School of Mathematics
Boolean function analysis traditionally studies Boolean functions on the Boolean cube, using Fourier analysis on the group Z_2^n. Other domains of interest include the biased Boolean cube, other abelian groups, and Gaussian space. In all cases, the focus is on results which are independent of the dimension.
Abstract: The building blocks for complex representations of p-adic groups are called supercuspidal representations. I will survey what is known about the construction of supercuspidal representations, mention questions that remain mysterious until today, and explain some recent developments.
Random band matrices (RBM) are natural intermediate models to study eigenvalue statistics and quantum propagation in disordered systems, since they interpolate between mean-field type Wigner matrices and random Schrodinger operators. In particular, RBM can be used to model the Anderson metal-insulator phase transition (crossover) even in 1d. In this talk we will discuss some recent progress in application of the supersymmetric method (SUSY) and transfer matrix approach to the analysis of local spectral characteristics of some specific types of RBM.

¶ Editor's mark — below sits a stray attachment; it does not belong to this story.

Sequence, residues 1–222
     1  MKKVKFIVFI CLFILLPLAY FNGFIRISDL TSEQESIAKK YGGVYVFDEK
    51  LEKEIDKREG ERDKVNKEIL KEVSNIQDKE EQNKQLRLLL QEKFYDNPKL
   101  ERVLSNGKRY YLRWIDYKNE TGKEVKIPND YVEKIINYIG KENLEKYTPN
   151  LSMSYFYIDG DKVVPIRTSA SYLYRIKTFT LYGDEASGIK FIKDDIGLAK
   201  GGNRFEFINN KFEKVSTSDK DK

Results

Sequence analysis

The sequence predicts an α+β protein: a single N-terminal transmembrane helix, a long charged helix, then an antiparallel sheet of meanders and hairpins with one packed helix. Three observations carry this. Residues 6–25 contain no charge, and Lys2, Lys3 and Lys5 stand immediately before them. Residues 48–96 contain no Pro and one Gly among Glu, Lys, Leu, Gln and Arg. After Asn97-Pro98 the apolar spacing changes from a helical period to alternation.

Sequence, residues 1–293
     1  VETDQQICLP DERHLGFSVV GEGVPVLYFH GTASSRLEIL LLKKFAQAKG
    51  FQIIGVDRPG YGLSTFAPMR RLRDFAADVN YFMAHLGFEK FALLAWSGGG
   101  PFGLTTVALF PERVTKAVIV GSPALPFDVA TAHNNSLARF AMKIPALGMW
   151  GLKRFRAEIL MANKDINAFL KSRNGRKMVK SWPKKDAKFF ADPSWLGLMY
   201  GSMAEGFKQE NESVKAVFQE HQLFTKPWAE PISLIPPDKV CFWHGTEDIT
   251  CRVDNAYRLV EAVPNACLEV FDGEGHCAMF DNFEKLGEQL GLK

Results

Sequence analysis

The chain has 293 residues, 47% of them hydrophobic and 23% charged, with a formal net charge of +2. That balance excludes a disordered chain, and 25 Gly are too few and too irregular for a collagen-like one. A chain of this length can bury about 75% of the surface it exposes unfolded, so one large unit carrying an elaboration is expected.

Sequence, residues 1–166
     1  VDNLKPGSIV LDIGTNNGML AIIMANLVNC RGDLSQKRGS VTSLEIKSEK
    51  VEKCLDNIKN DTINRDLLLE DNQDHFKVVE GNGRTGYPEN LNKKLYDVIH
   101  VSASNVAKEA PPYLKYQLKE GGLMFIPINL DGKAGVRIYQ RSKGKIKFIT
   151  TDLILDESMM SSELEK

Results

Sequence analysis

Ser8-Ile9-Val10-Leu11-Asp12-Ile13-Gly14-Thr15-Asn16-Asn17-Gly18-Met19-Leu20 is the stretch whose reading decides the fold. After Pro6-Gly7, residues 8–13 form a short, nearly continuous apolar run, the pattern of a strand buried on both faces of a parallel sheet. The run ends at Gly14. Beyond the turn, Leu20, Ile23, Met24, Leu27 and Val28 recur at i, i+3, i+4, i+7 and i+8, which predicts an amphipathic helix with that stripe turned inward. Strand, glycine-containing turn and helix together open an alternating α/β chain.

Rankin-Selberg integrals provide factorization of certain period integrals into local counterparts. Other, more elusive, periods can be studied in principle by the relative trace formula and other methods.
Following Waldspurger, Ichino-Ikeda formulated a local to global conjecture about the Gross-Prasad periods. A more general setup was subsequently considered by Sakellaridis-Venkatesh.
I will discuss some of these principles as well as a result on Whittaker coefficients joint with Zhengyu Mao.
We will discuss a model of distributed learning in the spirit of Yao's communication complexity model. We consider a two-party setting, where each of the players gets a list of labelled examples and they communicate in order to jointly perform a learning task. For example, consider the following problem of Convex Set Disjointness: In this instance Alice and Bob each receive a set of examples in Euclidean space and they need to decide if there exists a hyper-plane that separate the sets.
The hypergraph regularity lemma — the extension of Szemeredi's graph regularity lemma to the setting of k-graphs — is one of the most celebrated combinatorial results obtained in the past decade. By now there are various (very different) proofs of this lemma, obtained by Gowers, Rodl et al. and Tao. Unfortunately, what all these proofs have in common is that they yield partitions whose order is given by the k-th Ackermann function.